score music, they helped take the viewer and place them right in the camera's
eye-view position in the action. This is a stunning example of how a Dolby
Digital 5.1 remix should be done. The subwoofer was used to enhance the
music as well as the action scenes, and it was quite superbly integrated
into the soundtrack.
Well, a theatrical trailer and a menu is not much, but
at least there isn't too much strain on the compression. It would have
been nice if we had been blessed with RSDL formatting and a commentary
by Sam Raimi and
Sharon Stone, as well as an extra audio
track in Spanish, but what we have will do, given how great the other departments
of the disc are!
The menu is based upon the cover art. It is not 16x9
enhanced. The resolution looks rather limited, but it is perfectly functional
and suited to its main purpose.
This is presented in an aspect ratio of 1.33:1 with
Dolby Digital 2.0 surround sound. The video quality is very good considering
the limited ratio and the fact that it appears to be specifically designed
for television broadcast.
R4 vs R1
The Region 4 version of this disc misses out on;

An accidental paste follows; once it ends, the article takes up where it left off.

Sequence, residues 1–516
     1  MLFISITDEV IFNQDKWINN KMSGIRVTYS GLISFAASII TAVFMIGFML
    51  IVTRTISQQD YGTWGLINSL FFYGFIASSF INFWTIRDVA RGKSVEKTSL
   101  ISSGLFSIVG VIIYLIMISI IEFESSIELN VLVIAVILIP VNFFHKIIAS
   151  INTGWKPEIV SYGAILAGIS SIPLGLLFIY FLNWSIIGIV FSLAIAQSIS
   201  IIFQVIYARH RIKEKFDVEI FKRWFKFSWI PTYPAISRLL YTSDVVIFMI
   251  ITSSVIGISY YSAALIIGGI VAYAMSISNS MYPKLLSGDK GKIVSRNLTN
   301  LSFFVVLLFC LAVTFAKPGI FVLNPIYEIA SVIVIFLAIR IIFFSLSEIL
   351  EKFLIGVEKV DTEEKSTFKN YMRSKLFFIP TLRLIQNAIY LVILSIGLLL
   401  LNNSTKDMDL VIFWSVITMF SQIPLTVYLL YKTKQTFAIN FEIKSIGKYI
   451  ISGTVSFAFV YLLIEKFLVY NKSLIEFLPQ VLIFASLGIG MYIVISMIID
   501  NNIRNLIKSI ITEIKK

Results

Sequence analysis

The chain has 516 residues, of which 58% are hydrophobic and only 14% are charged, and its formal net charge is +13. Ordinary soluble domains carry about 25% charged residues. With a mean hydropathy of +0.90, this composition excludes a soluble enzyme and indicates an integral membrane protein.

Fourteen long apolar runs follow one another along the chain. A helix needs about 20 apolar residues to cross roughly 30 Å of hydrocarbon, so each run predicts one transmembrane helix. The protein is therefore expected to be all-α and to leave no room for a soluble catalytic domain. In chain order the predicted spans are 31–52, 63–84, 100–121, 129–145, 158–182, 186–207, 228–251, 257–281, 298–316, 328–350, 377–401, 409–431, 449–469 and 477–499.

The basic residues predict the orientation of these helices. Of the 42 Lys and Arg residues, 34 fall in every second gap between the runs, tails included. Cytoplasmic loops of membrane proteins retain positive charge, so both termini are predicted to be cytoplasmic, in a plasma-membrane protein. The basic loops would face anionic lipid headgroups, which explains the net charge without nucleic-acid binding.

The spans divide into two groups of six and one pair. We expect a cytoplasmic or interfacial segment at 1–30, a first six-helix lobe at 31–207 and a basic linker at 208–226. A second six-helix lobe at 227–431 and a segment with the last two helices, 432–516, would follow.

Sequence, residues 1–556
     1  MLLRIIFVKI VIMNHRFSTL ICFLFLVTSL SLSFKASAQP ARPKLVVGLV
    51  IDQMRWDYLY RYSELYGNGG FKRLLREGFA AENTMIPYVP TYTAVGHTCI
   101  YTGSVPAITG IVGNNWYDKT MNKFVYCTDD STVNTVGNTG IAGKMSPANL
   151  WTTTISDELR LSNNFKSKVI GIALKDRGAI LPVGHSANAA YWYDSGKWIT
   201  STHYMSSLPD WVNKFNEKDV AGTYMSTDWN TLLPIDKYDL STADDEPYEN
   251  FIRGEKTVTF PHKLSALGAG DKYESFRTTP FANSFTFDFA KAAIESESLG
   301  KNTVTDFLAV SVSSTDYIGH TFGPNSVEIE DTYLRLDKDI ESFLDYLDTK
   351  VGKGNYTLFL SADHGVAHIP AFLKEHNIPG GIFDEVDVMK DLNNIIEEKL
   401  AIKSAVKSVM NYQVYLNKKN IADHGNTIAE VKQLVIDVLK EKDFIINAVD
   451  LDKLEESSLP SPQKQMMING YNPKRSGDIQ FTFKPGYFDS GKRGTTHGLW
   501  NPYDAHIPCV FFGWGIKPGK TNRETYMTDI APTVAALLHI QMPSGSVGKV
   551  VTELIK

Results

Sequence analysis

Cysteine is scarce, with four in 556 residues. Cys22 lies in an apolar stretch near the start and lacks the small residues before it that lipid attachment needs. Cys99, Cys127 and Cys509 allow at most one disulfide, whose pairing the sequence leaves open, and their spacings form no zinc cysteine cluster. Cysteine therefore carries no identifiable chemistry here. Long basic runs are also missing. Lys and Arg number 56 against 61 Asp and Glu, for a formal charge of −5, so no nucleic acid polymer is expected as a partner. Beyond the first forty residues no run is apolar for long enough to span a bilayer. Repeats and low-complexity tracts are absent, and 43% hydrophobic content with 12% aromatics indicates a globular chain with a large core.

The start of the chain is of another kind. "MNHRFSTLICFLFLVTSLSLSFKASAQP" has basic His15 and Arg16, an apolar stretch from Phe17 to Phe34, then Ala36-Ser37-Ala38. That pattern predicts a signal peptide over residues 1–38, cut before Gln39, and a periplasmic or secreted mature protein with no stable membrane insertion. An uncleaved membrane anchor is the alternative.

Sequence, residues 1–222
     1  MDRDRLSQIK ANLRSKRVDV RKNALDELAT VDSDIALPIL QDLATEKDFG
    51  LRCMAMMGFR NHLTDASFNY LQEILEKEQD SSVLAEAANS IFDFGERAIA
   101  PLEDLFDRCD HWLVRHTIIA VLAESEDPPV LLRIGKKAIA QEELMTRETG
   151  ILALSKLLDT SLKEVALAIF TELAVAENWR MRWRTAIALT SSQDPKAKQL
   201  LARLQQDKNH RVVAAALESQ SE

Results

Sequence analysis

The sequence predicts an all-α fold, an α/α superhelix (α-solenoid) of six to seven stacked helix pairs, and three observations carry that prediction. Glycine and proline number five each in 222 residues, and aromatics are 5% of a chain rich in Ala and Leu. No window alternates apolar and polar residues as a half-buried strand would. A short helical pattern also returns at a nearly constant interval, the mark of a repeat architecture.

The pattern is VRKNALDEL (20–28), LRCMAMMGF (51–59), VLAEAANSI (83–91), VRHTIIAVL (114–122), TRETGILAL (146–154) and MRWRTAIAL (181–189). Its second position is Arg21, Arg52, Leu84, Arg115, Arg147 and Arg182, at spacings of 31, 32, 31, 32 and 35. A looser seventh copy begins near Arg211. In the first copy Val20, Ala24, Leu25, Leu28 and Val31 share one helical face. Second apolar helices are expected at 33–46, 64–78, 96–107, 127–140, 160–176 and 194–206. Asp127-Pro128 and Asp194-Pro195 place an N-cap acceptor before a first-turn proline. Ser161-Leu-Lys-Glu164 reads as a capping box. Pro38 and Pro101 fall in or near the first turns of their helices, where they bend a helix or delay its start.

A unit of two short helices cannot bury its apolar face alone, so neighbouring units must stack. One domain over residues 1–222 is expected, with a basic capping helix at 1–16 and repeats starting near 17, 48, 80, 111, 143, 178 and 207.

If the Region 1 version had one version of the film
on a dual-layered disc, then this might add some competition to the comparison.
However, given that the Region 4 version is a stunning example of an audio
and video transfer done right, stick with the local version.
Production Notes (these are instead printed on the inside of the cover
of the Region 4 version)
Pan & Scan Version
The Quick And The Dead.
directed it, and you get to see Leonardo DiCRAPrio die in it. Need
I say more?
The video quality is reference material, through
The audio quality is reference material, and one
of the best in its class.
The extras are very limited, but presented well.
© Dean McIntosh (my bio
sucks... read it anyway)
April 10, 2000.
||Grundig GDV 100 D, using composite output; Toshiba SD-2109,
using S-video output
||Panasonic TC-29R20 (68 cm), 4:3 mode, using composite
input; Samsung CS-823AMF (80 cm), 16:9 mode/4:3 mode, using composite and
||Built In (Amplifier)
||Panasonic S-J1500D Front Speakers, Sharp CP-303A Back
Speakers, Philips FB206WC Centre Speaker, JBL Digital 10 Subwoofer